This works differently while translating into English. Schimel quoted an example from his translation of a Brazilian book where the parking sign alphabet had to be changed to ‘P’ once it was translated into English. These issues create difficulties in translating picture books across cultures and impact the openness to publish these texts as well, especially amongst Anglophone publishers.

Myth #3: Picture books are easier and less expensive to translate

A huge challenge while translating picture books is to do with the faithfulness demanded by the illustrations. Hahn gave us an example of My Pictures After the Storm, a book he translated where a character was to pronounce words with a blocked nose. For instance, the word ‘orange’ was pronounced as ‘or-ij’. The picture of the orange within the text makes it impossible to stray from the original joke and take liberties, which makes the translation even more difficult.  

While getting the text of a picture book translated may turn out less expensive for a publisher, printing illustrations is way more expensive and requires a lot more investment. This makes it difficult to pitch picture books to publishers, who realise that the book sells on the art work, and do not pay as much attention to the translation of the text. Another issue for translators of non-English texts into English is that they always have to present a sample translation while pitching the translation to a publisher, which is not required in the reverse process.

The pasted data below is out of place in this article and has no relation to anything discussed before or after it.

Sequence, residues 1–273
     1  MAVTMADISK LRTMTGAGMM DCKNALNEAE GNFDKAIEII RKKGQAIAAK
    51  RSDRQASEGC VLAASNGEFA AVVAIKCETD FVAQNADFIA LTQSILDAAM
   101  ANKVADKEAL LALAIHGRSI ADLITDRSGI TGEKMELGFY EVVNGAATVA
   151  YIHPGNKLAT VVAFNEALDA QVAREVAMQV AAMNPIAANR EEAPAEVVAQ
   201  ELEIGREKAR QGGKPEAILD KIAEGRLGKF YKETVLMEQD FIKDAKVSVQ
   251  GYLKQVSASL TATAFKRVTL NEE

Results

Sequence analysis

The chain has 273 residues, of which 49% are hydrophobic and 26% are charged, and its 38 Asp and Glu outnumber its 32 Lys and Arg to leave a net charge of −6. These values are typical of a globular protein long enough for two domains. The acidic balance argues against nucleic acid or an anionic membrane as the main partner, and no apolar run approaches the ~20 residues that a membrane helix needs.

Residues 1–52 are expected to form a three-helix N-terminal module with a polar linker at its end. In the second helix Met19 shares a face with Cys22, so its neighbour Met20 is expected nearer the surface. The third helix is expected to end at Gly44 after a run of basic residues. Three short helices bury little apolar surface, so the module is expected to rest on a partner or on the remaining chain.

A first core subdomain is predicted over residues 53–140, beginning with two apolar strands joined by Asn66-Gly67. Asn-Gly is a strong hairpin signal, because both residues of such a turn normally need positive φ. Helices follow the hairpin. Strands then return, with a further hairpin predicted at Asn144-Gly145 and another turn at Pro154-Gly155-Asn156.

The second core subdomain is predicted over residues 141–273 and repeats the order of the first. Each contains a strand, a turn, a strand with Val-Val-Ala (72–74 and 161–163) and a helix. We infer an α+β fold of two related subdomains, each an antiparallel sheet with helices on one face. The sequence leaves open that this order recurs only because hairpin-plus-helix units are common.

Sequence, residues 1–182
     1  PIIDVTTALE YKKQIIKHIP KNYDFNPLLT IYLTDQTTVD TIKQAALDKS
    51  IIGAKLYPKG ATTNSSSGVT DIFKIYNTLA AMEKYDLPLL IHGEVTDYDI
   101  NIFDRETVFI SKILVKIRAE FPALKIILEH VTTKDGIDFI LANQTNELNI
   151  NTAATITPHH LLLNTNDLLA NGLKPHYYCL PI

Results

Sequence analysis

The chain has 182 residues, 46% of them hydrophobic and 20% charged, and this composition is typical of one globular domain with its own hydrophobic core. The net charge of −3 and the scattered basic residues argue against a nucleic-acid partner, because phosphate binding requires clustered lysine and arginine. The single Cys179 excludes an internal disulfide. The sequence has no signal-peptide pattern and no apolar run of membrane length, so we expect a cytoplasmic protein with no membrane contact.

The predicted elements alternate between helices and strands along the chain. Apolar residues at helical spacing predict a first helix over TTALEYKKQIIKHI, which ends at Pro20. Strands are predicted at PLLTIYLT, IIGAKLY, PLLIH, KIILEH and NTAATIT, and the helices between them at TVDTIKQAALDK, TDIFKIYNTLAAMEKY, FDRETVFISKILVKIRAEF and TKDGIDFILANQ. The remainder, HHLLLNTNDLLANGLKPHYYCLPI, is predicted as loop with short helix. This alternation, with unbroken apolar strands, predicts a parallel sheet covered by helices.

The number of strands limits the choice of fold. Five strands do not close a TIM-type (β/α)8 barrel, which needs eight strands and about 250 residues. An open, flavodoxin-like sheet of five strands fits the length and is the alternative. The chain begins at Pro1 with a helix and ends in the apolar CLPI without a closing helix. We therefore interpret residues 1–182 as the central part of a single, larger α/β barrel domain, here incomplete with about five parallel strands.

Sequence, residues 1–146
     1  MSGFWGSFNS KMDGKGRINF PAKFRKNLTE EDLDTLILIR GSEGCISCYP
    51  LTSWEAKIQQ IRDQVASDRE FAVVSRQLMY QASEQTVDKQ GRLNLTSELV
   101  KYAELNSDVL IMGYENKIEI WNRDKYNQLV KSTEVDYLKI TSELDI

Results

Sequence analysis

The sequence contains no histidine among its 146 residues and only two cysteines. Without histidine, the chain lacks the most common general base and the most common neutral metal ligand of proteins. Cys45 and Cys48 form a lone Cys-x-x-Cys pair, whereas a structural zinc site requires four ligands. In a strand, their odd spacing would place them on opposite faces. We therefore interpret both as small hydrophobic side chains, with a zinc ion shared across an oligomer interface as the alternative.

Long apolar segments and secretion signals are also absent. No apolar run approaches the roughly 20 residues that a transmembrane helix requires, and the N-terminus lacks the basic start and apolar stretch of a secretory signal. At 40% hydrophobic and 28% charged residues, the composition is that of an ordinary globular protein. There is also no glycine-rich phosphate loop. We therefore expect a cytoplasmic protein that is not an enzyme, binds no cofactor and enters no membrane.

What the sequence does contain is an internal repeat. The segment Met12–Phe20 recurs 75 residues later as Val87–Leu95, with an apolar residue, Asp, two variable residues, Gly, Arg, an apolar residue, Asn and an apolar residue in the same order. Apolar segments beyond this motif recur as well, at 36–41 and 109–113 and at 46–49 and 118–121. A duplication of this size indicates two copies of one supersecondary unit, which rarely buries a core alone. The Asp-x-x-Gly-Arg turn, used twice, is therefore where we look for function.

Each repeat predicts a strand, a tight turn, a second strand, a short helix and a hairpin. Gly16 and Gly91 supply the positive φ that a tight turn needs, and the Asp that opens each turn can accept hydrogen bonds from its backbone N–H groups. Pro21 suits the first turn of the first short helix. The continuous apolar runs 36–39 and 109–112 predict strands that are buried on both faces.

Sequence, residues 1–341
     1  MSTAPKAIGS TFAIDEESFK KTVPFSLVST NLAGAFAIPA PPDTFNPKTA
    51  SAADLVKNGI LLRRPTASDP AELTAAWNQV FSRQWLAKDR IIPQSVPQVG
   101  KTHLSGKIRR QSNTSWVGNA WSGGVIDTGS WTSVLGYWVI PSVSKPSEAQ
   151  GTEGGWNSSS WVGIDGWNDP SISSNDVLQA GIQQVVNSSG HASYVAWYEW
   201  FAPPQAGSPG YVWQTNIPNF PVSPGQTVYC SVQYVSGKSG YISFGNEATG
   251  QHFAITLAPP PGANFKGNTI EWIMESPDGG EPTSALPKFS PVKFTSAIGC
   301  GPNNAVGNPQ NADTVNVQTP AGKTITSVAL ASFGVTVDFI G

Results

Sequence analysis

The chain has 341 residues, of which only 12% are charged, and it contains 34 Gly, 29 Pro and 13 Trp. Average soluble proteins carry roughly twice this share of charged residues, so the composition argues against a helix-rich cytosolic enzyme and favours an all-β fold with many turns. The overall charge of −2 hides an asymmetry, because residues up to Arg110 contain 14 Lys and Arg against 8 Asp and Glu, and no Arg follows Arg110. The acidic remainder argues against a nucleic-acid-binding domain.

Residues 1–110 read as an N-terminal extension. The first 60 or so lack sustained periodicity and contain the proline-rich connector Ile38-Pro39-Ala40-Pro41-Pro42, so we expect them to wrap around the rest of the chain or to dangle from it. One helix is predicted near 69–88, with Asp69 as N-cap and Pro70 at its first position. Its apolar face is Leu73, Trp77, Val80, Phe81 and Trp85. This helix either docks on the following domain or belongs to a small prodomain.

Another obstacle is in the form of aesthetics—be it colour palettes or the way artists draw human figures in books. Visual and aesthetic styles of illustrators vary from region to region, and this sometimes becomes a reason for their non-inclusion into mainstram English publishing. It is sometimes rejected at first glance due to unfamiliarity. Even the amount of text on every page of an illustrated book can be different across cultures, and becomes a factor that determine its publication in another language. 

Myth #4: Kid lit is not impacted by global, socio-political issues 

In a world where social divisions and political movements have entered our daily consciousness like never before, the session pointed out how children’s literature dynamically interacts with these movements. Hahn mentioned that there are publishers around the world who are asking difficult questions in books, especially to young children. Schimel pointed out how dangerous it is to normalise absences in children’s literature—it is important for books to represent the diversity that exists around them. As a personal commitment, he attempts to translate one author of colour every year. 

Hahn gave us an overview of books that have confronted issues ranging from sexuality to dictatorship with immense charm and lightness; Schimel spoke about an Icelandic book on body positivity that does not shy away from nudity. Hahn also quoted examples from Nordic texts that have been addressing issues of sexuality in books for young readers for the past two to three decades now. He mentioned that these conversations exist in the literary space, without any censorship, and need to be taken into many other cultures and languages. 

Myth #5: Gatekeepers of children’s literature are enemies